Breaking the ice
During the initial phase, it is important to allow both the new kitten and your resident cat to get used to each other’s scents but the process should unfold step by step
I recently adopted a new kitten. What should I do to make my resident cat bond well with her?
Here are few steps to follow when it comes to introducing your new kitten to your resident cat:
It is not advisable to bring your cat home and immediately introduce it to your resident cat. The kitten should be placed in a safe room with its toys, bed, litter box and food where your resident cat doesn't sleep every night. The safe room allows your kitten to get used to the sounds and smells of your home, and allows your resident cat to get used to the smells of a new cat without the threat of it. Keep the kitten in the safe room for 1-2 weeks. During those 1-2 weeks the kitten will stop smelling like the shelter or breeder it came from, and will rather start smelling like your home, which is less threatening to your resident cat. It will also allow for the kitten to be cleared health wise to make sure s/he is not bringing home any diseases to your resident cat.
It is important to allow both the new kitten and your cat to get used to each other's scents. To start off the process, take a soft cloth, or a clean sock, and wipe it around the new kitten's face, under the chin, ear to ear, where some of the scent glands are located. Once you have the scent on the towel, offer it to the kitten or cat and do the same with the opposite.
Once the kitten's health has been cleared by a vet, you can take the kitten from the safe room (maybe about the first week, depending on how curious your kitten is) and put your resident cat in the safe room for an hour. Allow the resident cat to smell the entire room, use the litter box, eat the kitten's food (assuming your resident kitty has no health issues) and more. Facilitate a face-to-face meeting. You can put up a baby gate in the doorway of the safe room and allow the kitten and resident cat to approach each other in their own time. Or, you can put the kitten in a carrier that smells like your resident cat, and then bring the kitten in the closed carrier into the resident cat's area and set it down. Allow the resident cat to approach the carrier in his or her own time—smelling, hissing, etc. Once the cats seem to be calm at the sight of each other, it is probably safe to introduce the two without barriers like the pet carrier and baby gate. Make sure that they are supervised during this initial meeting. If there are any problems during this time, go back a step to allow each cat more time to view each other on opposite sides of the baby gate.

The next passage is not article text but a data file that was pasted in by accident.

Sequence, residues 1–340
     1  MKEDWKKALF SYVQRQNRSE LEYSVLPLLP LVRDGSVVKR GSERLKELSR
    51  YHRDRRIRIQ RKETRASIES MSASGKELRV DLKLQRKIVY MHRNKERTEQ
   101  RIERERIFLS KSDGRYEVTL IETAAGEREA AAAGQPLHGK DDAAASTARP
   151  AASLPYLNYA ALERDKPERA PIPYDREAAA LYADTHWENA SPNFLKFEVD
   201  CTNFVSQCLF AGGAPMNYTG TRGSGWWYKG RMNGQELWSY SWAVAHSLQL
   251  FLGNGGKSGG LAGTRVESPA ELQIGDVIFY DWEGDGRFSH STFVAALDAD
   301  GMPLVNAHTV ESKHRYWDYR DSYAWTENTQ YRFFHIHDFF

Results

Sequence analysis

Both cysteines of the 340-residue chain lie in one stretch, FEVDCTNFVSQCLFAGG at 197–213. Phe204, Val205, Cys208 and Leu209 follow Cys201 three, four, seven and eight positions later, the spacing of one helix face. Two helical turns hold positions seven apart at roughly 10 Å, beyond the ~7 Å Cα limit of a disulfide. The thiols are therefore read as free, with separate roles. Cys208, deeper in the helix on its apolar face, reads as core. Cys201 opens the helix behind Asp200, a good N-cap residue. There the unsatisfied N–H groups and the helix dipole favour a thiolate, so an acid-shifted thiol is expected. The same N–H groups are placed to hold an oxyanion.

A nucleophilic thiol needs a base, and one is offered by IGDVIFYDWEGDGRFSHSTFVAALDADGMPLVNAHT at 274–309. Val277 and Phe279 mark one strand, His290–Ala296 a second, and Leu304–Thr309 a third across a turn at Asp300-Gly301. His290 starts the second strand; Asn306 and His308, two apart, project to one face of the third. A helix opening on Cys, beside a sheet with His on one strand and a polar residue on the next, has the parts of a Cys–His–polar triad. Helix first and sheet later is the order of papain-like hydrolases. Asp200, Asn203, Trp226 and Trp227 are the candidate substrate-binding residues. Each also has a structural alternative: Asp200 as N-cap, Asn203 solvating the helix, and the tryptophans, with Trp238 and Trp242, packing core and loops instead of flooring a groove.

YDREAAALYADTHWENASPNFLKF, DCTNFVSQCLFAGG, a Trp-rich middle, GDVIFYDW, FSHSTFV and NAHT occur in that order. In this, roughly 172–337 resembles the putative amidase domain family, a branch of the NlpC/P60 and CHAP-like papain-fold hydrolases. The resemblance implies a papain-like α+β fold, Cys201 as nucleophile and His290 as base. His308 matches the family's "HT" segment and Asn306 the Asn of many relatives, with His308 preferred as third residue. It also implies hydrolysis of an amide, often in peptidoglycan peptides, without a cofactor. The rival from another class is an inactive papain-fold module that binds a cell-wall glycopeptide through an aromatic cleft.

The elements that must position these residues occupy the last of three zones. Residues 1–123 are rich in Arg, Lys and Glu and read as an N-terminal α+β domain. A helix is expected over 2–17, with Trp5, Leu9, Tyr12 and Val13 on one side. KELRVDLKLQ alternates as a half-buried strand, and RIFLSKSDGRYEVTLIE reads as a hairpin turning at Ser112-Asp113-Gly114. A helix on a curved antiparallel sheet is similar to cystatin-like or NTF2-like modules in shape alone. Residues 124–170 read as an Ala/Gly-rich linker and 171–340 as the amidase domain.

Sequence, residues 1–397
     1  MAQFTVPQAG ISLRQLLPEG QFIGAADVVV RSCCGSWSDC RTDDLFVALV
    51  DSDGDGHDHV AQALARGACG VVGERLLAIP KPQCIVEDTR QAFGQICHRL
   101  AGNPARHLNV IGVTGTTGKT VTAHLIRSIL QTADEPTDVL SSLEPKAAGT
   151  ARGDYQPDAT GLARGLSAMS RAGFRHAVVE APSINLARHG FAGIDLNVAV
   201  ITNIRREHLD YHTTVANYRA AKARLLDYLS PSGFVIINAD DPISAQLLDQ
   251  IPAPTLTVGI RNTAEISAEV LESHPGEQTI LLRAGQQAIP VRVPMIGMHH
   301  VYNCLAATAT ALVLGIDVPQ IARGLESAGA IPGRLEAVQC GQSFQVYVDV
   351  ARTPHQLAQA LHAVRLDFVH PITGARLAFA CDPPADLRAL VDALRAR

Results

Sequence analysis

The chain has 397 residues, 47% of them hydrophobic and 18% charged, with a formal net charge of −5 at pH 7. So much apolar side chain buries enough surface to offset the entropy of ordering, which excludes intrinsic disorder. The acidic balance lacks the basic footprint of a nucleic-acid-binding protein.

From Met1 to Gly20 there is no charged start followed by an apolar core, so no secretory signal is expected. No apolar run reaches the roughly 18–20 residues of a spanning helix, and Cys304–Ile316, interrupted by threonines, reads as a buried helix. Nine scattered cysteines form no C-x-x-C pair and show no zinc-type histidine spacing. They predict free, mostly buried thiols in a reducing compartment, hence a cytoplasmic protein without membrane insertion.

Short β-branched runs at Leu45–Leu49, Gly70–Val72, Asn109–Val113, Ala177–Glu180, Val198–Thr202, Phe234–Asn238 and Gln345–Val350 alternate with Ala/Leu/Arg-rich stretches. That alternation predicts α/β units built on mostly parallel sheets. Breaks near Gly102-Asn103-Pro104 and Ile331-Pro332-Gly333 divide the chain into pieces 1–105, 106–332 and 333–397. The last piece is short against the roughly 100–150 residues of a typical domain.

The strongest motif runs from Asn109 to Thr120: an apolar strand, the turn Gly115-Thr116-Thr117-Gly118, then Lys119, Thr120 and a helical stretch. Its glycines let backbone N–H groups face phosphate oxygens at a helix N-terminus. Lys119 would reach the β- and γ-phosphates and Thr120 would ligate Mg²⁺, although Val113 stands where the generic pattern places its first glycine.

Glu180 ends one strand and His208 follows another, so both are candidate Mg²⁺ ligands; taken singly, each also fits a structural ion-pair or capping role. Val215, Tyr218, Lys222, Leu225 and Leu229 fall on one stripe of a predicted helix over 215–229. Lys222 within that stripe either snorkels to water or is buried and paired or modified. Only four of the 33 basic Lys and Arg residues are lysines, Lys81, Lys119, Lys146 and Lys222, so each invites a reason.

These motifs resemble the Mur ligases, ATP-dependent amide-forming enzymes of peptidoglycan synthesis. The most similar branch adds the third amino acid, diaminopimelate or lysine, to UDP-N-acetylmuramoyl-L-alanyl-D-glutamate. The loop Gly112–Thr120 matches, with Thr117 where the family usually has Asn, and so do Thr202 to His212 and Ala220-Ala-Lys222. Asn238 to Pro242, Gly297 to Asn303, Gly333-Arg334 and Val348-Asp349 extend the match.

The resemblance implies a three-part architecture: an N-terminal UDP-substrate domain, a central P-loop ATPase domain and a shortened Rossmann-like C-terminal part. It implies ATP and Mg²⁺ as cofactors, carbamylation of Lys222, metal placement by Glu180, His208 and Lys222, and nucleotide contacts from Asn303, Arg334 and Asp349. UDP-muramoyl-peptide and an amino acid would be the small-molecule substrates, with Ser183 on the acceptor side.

It is best to have one person hold the kitten and another hold the resident cat. If the cats do well for a short time at a great distance, the next day repeat the process by decreasing the distance between them by a foot or two and increase the time they have to check each other out. On the first day start about 10 feet apart for 5 minutes, the next day try 8 feet apart for 10 minutes and so on.
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